The global travel and tourism industry is comprised of a wide variety of businesses, including hotels and inns, casino resorts, trains, buses, airplanes, cruise ships, tour operators and travel bookers, both online and physical. The World Travel & Tourism Council (WTTC) found that the global travel and tourism industry supported 295 million jobs on a direct basis during 2022.
This sector is always continually reinventing itself—with dramatic changes often being caused by disruptive technologies, evolving consumer tastes, political upheavals, economic booms and busts, and lately, global outbreaks of disease. Fortunes can be made and lost quickly, particularly in the always-changing, extremely competitive airline industry.
The Impact of New Technologies
Disruptive technologies wresting change within the industry sometimes come in the form of new aircraft. The launch of the 707-jet airliner (1958), soaring across the Atlantic in only a few hours, put an end to the ocean liner’s domination off the transcontinental market. Likewise, the launch of the 747 (1970), able to carry hundreds of passengers with great new operating efficiency, popularized international travel to a degree never before imagined possible. The 1967 launch of the single-aisle 737, able to carry about 185 passengers quickly and efficiently, teed-up the next development. Shortly thereafter (1971), a plucky entrepreneur took advantage of the tremendous abilities of the 737 when he launched the first noteworthy discount airline (Southwest), with flights between Dallas and Houston, Texas at low fares. An entire discount industry blossomed worldwide.
The internet was the next big leap forward (Travelocity.com was launched in 1996), enabling online travel agencies and booking services to soar. Consumers were beneficiaries, while travel agencies suffered immensely, as travelers could go online to compare flights, hotels and prices, and then book at the best prices whenever they were ready to get out their credit cards and commit. The internet also enabled the highly disruptive technology platforms of Airbnb and Vrbo, making it possible for tourists and business travelers to rent homes and condos as alternatives to hotels.
Technologies can also dampen the travel sector. Recently, the growing capabilities of teleconferencing on systems such as Zoom, Webex and Teams has made business travel less vital. Travel to conferences, conventions and meetings is both expensive and time-consuming, and budgets for such travel are carefully scrutinized by corporate management.
Catering to Different Demographic Groups
A rising, global middle class further boosted the industry. Discount airlines have leapt ahead in markets as diverse as India, Indonesia, Africa and Eastern Europe, enabling cost-conscious tourists to help the tourism industry boom. For example, Chinese travelers take hundreds of millions of flights yearly—as long as pandemics do not interrupt their plans. The Coronavirus epidemic that began in 2020 had a devastating impact on the travel and tourism industry, slashing air passenger and hotel guest traffic to a near halt for several months.
Meanwhile, a soaring number of highly affluent travelers have been spending money freely on luxury hotels, resorts and experiences. The luxury sector has been booming, from private aircraft rentals (such as NetJets) to ultra-luxury hotel and resort chains (such as Ritz Carlton’s “Reserve” properties), to luxury cruise lines such as Viking and Regent.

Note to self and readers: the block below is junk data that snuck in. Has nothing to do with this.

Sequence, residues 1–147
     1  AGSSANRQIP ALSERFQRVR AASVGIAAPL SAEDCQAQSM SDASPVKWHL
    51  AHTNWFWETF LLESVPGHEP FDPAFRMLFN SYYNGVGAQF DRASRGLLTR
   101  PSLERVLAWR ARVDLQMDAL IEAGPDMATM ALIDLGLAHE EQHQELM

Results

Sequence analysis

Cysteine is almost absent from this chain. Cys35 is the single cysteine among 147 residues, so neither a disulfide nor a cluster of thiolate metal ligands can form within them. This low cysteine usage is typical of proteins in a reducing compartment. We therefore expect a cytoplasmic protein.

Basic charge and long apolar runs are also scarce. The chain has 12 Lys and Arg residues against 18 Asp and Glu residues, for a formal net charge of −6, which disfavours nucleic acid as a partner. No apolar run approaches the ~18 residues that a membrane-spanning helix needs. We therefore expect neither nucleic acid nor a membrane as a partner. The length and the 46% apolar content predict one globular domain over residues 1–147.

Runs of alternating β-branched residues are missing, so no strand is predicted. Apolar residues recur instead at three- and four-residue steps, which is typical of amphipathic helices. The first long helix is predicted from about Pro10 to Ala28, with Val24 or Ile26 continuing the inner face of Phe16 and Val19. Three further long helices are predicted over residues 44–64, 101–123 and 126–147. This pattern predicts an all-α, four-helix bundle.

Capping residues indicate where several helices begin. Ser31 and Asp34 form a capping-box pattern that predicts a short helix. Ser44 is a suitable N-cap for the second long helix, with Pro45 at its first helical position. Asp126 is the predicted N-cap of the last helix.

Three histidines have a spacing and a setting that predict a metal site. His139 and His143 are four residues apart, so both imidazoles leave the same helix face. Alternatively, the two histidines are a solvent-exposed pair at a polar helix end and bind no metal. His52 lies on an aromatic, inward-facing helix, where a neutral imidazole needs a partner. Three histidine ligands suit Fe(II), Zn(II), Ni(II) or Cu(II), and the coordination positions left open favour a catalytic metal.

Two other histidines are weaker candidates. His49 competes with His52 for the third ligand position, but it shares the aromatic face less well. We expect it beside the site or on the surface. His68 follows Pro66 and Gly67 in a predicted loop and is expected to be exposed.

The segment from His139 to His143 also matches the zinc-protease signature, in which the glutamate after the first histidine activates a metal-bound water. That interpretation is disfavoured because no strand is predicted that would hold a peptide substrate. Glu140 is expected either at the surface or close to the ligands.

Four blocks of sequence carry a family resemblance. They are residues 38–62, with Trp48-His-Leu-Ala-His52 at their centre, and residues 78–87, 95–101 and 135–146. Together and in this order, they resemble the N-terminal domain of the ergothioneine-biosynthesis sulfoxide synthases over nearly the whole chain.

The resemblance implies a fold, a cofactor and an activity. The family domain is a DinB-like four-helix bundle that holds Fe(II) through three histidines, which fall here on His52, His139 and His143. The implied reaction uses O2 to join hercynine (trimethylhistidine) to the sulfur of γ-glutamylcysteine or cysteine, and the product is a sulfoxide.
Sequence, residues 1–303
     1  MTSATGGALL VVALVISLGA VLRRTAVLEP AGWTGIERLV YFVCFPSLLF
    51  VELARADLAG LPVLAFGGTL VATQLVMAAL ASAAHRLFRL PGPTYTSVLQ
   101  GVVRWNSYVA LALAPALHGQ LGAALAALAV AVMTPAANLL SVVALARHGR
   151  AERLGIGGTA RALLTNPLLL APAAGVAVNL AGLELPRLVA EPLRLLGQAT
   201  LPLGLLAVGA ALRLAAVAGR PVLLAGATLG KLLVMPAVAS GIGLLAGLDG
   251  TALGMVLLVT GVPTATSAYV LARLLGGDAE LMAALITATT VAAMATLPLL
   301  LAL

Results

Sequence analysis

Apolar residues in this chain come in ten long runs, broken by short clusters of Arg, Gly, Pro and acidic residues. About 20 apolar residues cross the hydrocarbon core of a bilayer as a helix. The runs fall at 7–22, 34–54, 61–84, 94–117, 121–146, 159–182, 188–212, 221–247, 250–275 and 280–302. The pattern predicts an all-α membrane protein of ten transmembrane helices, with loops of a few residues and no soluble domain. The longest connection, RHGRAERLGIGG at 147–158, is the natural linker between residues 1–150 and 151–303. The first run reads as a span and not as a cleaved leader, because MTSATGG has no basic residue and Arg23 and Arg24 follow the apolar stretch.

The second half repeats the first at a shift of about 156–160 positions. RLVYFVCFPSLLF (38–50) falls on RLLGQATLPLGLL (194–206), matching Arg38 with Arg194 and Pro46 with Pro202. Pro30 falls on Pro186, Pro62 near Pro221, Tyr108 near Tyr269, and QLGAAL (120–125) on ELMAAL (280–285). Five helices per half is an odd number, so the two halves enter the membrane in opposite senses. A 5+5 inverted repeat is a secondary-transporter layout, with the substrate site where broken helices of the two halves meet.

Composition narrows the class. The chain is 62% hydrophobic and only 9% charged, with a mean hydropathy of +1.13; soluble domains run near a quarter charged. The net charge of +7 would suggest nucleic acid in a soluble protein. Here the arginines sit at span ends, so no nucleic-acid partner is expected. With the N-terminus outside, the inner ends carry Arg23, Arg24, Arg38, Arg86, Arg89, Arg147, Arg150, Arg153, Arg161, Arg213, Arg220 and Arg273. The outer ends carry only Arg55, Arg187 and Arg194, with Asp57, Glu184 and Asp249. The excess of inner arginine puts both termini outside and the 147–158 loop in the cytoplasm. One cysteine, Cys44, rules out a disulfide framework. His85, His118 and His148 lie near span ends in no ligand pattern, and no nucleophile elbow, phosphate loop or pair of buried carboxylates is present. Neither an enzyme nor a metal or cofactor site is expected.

The cruise line business enjoyed solid growth before the Coronavirus pandemic. Cost-conscious consumers see cruises as high-value, all-inclusive package deals. Some of the newest ships, such as Royal Caribbean’s Icon of the Seas rank among the largest passenger ships ever built. It remains to be seen how successfully and in what size and scale the cruise industry will emerge from the temporary shutdown caused by the Coronavirus. Many cruise lines took on vast amounts of debt in order to stay in business. Nonetheless, it is clear that substantial demand for cruises exists, and that millions of brand-loyal customers are anxious to cruise as long as they feel relatively safe in doing so.
A Shift in Strategy Among Airlines
There is every reason to believe that the travel and tourism industry will continue to be a bubbling cauldron of change. For example, the airline industry continues to evolve rapidly. Airlines are flying aircraft that are much more fuel-efficient than those of a few years ago. It is also vital to note a major shift in airline strategy: today, they rely heavily on fees for services such as checked baggage, seats with extra legroom and on-board food. This contributed substantially to profitability. Boeing’s highly advanced 787 enables airlines to offer great enhancements to passenger comfort with extremely long intercontinental range, while the airlines benefit from a fuel efficiency boost of about 20%. Airbus competes with similarly efficient, long-haul aircraft. Discount airlines remain very important players in the U.S. as well as the rest of the world. Meanwhile, legacy airlines (e.g., American Airlines and British Airways) are now competing head-to-head on price with discount airlines in many cases, typically for the least-desirable seats in economy class.
Where to Learn More
This article is an excerpt from a newly published report Plunkett's Airline, Hotel & Travel Industry Almanac 2024, which covers competitive intelligence, market research and business analysis—everything you need to know about the airline, hotel and travel industry.
Use this report to quickly understand major industry trends, access key industry statistics, and gain an understanding of top competitors in this space. Visit the report page using the link above to learn more.
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